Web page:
Although it is too soon to tell with certainty how President-elect Joe Biden will address the questions surrounding tech policy, it is clear that his inaugural transition on Wednesday will affect the world of tech.

Protocol reporters Issie Lapowsky and Emily Birnbaum, virtually met up with panelists Tuesday to discuss what tech policy and regulation could look like in Biden's first 100 days in office — as well as the next four years.

Keep Reading Show less
Penelope Blackwell
Penelope Blackwell is a reporting fellow at Protocol covering ed-tech, where she reports on the decisions leading up toward the advances of remote learning. Previously, she interned at The Baltimore Sun covering emerging news and produced content for Carnegie-Knight’s News21 documenting hate and bias incidents in the U.S. She is also a recent graduate of Columbia University’s Graduate School of Journalism and Morgan State University.
Politics

'Woke tech' and 'the new slave power': Conservatives gather for Vegas summit

An agenda for the event, hosted by the Claremont Institute, listed speakers including U.S. CTO Michael Kratsios and Texas Attorney General Ken Paxton.

The so-called "Digital Statecraft Summit" was organized by the Claremont Institute. The speakers include U.S. CTO Michael Kratsios and Texas Attorney General Ken Paxton, as well as a who's-who of far-right provocateurs.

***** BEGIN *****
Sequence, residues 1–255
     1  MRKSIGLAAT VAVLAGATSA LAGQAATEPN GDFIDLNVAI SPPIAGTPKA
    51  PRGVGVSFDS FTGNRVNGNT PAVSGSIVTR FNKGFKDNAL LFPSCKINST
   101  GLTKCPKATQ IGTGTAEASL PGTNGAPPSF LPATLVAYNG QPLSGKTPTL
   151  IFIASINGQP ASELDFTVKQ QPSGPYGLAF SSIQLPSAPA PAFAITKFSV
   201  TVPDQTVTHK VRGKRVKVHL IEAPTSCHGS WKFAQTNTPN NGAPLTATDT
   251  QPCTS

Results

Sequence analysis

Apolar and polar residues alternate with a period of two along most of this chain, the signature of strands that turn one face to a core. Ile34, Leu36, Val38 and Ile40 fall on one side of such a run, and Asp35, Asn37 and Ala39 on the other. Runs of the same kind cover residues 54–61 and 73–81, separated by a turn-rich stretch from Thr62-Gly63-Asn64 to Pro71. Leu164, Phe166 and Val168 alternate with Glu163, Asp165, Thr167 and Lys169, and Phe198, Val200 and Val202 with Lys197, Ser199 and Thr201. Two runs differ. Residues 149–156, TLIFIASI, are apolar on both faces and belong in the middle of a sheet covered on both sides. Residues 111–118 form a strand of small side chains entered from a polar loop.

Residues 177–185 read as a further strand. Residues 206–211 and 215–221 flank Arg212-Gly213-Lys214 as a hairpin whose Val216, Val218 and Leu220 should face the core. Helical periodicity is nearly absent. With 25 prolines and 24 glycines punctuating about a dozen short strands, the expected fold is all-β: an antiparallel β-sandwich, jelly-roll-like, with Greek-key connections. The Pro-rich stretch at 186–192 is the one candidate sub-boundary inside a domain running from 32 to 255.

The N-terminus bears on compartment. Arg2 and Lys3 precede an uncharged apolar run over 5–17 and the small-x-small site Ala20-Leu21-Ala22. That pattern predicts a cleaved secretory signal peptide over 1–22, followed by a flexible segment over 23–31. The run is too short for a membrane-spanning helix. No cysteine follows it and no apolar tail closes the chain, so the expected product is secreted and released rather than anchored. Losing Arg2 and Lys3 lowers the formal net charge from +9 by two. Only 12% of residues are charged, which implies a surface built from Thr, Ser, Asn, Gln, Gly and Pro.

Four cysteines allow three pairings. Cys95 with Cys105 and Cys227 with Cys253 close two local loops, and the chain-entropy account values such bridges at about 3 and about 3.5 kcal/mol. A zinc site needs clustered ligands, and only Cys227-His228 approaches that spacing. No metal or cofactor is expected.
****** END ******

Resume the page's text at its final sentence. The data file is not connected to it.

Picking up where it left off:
Photo: David Vives/Unsplash

Conservative investors, political operatives, right-wing writers and Trump administration officials are quietly meeting in Las Vegas this weekend to discuss topics including China, "woke tech" and "the new slave power," according to four people who were invited to attend or speak at the event as well as a copy of the agenda obtained by Protocol.

The so-called "Digital Statecraft Summit" was organized by the Claremont Institute, a conservative think tank that says its mission is to "restore the principles of the American Founding to their rightful, preeminent authority in our national life." A list of speakers for the event includes a combination of past and current government officials as well as a who's who of far-right provocateurs. One speaker, conservative legal scholar John Eastman, rallied the president's supporters at a White House event before the Capitol Hill riot earlier this month. Some others have been associated with racist ideologies.

Keep Reading Show less
Emily Birnbaum

Emily Birnbaum ( @birnbaum_e) is a tech policy reporter with Protocol. Her coverage focuses on the U.S. government's attempts to regulate one of the most powerful industries in the world, with a focus on antitrust, privacy and politics. Previously, she worked as a tech policy reporter with The Hill after spending several months as a breaking news reporter. She is a Bethesda, Maryland native and proud Kenyon College alumna.

The current state-of-the-art quantum computers are a tangle of wires. And that can't be the case in the future.

Photo: IBM Research

The iconic image of quantum computing is the "Google chandelier," with its hundreds of intricately arranged copper wires descending like the tendrils of a metallic jellyfish. It's a grand and impressive device, but in that tangle of wires lurks a big problem.

"If you're thinking about the long-term prospects of quantum computing, that image should be just terrifying," Jim Clarke, the director of quantum hardware at Intel, told Protocol.

Keep Reading Show less
Dan Garisto
Dan Garisto is a freelance science journalist who specializes in the physical sciences, with an emphasis on particle physics. He has an undergraduate degree in physics and is based in New York.
Latest Stories